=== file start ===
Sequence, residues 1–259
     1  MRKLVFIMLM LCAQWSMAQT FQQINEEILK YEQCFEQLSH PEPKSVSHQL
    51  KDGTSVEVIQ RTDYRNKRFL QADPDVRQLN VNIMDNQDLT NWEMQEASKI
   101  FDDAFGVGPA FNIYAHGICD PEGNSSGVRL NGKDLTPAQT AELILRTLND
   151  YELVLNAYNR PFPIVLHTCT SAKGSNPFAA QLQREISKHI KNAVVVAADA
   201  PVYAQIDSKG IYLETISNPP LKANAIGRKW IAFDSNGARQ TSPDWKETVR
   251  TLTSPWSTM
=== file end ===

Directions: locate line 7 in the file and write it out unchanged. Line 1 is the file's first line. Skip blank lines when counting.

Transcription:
   251  TLTSPWSTM